Just like that, the Evan Turner era in Philadelphia was over. (As was the less hated Lavoy Allen era. We'll always have that one series that made you financially solvent for life. Respect.)

The Turner trade was really the only move all season that made even the most fervent Hinkie backers question him a little. After all, after Granger was bought out days later, Hinkie had ultimately traded Turner and Allen for a late 2nd round pick in 2015. Was that really the best he could do? There had to have been a better deal, right?

I operate under the belief that there wasn't. Unlike many national writers, a lot of NBA executives actually watched the Sixers game film, especially before they traded for players. You had to look pretty hard to find anyone who watched a lot of Evan Turner that would call him a real impact piece for a title contender or even "a good basketball player." I don't think many people thought it would turn out to be the colossal disaster it did, but this is a much different league than the league of even five years ago, and teams are protecting assets like never before. Ask yourself if there was a scenario where as the GM of any team in the league, you would've traded a first round pick for Evan Turner and I think you have your answer if there was a better deal on the table.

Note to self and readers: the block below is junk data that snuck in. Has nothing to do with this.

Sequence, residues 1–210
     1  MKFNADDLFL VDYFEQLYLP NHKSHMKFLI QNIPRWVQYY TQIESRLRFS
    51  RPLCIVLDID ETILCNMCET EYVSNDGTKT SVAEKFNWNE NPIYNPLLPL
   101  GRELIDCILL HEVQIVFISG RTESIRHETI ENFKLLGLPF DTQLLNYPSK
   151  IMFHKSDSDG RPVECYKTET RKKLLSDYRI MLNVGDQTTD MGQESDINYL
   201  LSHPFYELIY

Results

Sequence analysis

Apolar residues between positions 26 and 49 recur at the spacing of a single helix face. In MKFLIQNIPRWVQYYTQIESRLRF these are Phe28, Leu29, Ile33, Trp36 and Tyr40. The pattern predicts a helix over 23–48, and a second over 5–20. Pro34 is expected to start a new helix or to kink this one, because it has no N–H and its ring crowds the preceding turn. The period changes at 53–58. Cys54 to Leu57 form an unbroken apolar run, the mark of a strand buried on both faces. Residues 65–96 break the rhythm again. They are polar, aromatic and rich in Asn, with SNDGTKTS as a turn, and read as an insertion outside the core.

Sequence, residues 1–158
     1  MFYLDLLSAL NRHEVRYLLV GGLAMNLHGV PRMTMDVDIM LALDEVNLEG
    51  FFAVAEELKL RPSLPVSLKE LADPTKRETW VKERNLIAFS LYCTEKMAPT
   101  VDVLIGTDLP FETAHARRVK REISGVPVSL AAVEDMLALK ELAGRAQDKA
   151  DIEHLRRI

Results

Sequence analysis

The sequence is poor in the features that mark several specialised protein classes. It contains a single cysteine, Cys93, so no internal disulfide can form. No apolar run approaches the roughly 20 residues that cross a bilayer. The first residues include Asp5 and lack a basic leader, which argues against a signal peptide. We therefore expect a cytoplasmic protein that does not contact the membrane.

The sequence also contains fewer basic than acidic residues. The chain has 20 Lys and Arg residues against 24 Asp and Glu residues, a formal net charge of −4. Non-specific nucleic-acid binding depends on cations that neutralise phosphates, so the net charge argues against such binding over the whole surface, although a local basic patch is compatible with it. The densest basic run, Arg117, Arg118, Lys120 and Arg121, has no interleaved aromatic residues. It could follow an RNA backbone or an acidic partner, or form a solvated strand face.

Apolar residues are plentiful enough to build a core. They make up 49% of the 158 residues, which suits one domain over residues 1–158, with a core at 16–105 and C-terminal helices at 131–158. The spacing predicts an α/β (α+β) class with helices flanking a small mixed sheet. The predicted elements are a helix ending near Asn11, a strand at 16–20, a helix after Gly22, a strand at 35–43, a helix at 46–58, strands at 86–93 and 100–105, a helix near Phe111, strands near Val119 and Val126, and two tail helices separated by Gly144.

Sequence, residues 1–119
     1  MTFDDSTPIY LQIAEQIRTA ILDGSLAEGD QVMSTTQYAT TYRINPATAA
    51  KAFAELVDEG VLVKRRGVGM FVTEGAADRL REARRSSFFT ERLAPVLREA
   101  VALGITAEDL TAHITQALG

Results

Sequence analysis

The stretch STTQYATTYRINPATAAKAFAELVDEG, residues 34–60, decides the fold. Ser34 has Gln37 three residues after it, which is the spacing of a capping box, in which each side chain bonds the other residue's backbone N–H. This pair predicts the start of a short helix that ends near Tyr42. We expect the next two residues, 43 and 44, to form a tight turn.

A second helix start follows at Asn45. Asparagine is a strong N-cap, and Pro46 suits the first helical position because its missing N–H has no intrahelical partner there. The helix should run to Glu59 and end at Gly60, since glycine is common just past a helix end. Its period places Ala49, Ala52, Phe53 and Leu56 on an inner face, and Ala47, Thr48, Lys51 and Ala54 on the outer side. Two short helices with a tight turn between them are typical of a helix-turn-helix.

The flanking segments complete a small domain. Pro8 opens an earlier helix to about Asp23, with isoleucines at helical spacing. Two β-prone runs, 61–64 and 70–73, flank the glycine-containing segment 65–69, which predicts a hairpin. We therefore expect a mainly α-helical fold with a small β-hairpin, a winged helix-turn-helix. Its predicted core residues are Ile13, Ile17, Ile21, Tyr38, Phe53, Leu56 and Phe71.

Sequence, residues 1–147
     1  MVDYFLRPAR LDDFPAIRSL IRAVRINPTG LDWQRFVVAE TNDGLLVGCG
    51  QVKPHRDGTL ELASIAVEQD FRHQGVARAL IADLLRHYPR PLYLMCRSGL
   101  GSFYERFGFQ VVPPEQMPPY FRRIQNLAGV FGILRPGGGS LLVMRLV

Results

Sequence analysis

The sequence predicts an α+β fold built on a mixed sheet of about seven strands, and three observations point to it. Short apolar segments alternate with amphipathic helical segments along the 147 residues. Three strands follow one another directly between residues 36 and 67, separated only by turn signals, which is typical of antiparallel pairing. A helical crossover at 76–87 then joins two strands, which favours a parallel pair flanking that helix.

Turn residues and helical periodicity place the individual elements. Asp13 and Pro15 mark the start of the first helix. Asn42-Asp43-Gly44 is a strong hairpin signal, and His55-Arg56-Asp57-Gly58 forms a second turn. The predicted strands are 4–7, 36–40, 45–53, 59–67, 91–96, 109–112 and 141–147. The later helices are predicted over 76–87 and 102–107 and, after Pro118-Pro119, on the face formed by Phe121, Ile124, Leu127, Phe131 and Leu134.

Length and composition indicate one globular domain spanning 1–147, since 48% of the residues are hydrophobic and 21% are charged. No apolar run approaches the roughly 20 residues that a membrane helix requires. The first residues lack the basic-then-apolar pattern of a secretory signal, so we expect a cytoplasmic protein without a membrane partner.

Step one of the rebuilding plan was always sell anything that isn't bolted down for picks and expirings. Hinkie did just that. We can't dwell on the rumors and hypotheticals. That ship sailed to Indiana where it promptly sank and exploded, taking down 11 other ships in the area. We can only look forward to Hinkie making it rain with 2nd round draft picks by picking every available member of the All-Euroleague Team.

Sam Hinkie is a video game. And the game is just beginning.